It takes a swift tongue and keen ears to take on the rapacious barb and wit of Shakespeare.
AU Rude Mechanicals, the University’s Shakespearean acting troupe (which derives its name from a group of characters in “A Midsummer Night’s Dream”), will premiere its annual variety show in their first performance of the season from Oct. 4 to 6 in Ward 1.
The show is composed of various vignettes of the Bard’s plays. This close-knit and jocular group of actors will perform supernatural-themed and abridged versions of “The Tempest,” “Macbeth” and “Julius Caesar.” These stripped-down versions of the plays allow for tensions between characters to roil with animosity, intensity and verve.
“Shakespeare speaks to the human condition with themes of fear, ambition, guilt,” said College of Arts and Science senior Jonelle Walker, the executive director of Rude Mechanicals.
Each production has been meticulously crafted. The vignette of “Julius Caesar,” which contains the most material grounded in reality, features an exuberant performance by CAS sophomore Andrea Parente as an exasperated and desperate Calpurnia begging Caesar to not go before the Senate.
“I wanted to make sure that the characters were taking initiative,” said Kate Kerns, a junior in the School of Public Affairs who directed the scene. “Everyone manages handling mystical scenes and characters being awed. It’s about the character’s choice.”
Two scenes from “Macbeth” were also staged, one featuring famed laughing and delirious witches delivering a prophecy to the zealous Macbeth. SPA sophomore Rebecca Day directed that scene, choosing to have the actors convulse and gestate with a creeping angst.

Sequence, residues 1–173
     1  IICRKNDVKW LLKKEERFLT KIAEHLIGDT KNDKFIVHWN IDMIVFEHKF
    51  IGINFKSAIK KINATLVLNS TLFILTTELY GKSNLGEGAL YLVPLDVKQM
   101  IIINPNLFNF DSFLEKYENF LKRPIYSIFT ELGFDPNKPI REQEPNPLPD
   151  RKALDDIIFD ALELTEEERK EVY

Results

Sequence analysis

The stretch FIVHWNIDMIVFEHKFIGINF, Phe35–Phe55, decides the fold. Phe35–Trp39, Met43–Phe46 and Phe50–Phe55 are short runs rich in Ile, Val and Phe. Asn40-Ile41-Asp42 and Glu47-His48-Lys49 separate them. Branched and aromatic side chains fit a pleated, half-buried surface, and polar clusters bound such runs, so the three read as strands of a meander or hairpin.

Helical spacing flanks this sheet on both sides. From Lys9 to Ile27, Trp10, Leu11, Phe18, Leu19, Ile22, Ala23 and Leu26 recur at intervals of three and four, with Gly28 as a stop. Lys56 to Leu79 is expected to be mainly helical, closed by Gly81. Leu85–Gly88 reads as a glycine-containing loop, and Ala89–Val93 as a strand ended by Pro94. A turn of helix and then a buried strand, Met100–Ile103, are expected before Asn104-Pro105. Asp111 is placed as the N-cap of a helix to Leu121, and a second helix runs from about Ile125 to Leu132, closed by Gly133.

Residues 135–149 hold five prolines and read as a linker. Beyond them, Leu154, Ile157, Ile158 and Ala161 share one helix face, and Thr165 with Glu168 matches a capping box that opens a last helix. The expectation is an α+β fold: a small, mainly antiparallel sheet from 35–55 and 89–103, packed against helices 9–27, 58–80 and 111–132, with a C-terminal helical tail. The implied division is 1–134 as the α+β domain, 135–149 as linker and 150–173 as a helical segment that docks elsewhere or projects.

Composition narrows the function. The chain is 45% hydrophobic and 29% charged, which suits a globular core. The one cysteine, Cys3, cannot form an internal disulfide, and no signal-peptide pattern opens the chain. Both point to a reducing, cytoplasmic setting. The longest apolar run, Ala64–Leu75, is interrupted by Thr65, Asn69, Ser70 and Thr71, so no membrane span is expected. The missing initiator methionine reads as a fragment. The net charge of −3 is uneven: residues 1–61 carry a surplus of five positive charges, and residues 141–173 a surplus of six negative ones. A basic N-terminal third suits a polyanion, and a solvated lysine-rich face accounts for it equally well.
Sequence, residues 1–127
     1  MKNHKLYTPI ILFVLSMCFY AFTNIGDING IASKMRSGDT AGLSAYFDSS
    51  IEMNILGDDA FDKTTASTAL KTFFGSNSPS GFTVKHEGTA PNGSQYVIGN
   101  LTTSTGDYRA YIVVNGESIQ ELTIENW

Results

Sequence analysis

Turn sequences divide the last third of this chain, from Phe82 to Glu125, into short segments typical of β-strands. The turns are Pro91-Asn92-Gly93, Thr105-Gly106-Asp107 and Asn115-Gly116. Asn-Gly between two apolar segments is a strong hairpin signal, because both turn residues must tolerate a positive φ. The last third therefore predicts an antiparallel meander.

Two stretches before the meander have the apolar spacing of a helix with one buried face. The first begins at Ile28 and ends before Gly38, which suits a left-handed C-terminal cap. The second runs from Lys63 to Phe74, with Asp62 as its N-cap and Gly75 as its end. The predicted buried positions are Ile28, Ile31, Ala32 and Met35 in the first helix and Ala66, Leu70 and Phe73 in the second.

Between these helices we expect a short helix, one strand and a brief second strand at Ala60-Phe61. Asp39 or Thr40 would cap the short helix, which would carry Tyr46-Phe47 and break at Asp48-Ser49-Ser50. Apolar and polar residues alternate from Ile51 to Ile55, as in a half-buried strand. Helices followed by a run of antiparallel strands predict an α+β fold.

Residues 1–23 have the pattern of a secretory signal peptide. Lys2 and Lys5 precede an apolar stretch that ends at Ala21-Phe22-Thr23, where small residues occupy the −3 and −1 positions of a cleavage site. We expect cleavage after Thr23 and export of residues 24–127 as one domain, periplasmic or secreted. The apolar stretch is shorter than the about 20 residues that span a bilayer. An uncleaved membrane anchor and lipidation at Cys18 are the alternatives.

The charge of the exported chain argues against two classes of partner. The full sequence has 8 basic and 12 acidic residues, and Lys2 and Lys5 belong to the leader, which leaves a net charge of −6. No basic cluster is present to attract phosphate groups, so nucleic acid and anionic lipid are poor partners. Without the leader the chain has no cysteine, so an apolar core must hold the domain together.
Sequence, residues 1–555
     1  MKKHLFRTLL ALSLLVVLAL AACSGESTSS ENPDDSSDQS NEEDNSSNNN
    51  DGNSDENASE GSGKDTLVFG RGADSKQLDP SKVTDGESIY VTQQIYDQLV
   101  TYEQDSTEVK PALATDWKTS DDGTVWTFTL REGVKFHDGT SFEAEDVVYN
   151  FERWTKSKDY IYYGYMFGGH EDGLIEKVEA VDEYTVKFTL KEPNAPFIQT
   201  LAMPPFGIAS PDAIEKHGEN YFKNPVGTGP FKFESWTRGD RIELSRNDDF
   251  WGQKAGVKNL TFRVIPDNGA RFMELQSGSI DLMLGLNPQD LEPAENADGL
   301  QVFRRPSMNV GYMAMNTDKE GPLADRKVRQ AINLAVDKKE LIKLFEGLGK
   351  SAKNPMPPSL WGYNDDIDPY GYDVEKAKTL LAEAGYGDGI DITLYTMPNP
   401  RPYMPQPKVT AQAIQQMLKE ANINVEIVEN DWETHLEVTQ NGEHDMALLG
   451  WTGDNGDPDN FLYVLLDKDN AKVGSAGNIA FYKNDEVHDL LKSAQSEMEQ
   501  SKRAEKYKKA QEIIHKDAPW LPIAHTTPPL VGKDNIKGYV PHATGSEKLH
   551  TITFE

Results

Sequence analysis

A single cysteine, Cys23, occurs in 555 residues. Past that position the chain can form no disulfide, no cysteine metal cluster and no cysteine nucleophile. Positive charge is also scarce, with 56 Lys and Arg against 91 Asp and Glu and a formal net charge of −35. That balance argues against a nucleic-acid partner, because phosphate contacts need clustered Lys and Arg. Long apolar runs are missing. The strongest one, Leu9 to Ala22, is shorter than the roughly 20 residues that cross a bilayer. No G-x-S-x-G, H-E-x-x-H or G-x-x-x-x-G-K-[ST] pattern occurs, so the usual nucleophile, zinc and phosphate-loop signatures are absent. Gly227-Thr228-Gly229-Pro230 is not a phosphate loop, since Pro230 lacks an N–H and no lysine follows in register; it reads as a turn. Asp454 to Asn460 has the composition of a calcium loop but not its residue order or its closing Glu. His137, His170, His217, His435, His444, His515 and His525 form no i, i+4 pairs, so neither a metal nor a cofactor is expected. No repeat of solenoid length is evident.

The second scene from “Macbeth” cast a gothic aesthetic for the scene where Banquo’s ghost appears to Macbeth. The rhetoric flies at a mile a minute as the cast ratchets up the melodrama with the ghostly, imposing apparition of Banquo roaming about the stage.
School of Communication senior Seth Rose, who has participated in 12 plays for Rude Mechanicals, had a tempestuous relationship with the material he directed and adapted from “The Tempest.”
“I both love and hate ‘The Tempest,’” Rose said. “I love it for its comedic and magical moments and hate it because it has a lot of filler.”
Rose chose to pare down the play to its most potent elements. He gave it a steampunk visual style through the costume design and Prospero’s mad scientist motivation.
Shakespeare may have brought these different people, styles and acts together, but it’s the intimate relationship of the theater troupe that pulls the show together. They all know each others’ various quirks and personality traits, according to Rose.
“We are really a family,” he said.
Tickets for “Supernatural Shakespeare” will be sold at the door or in advance through Eventbrite.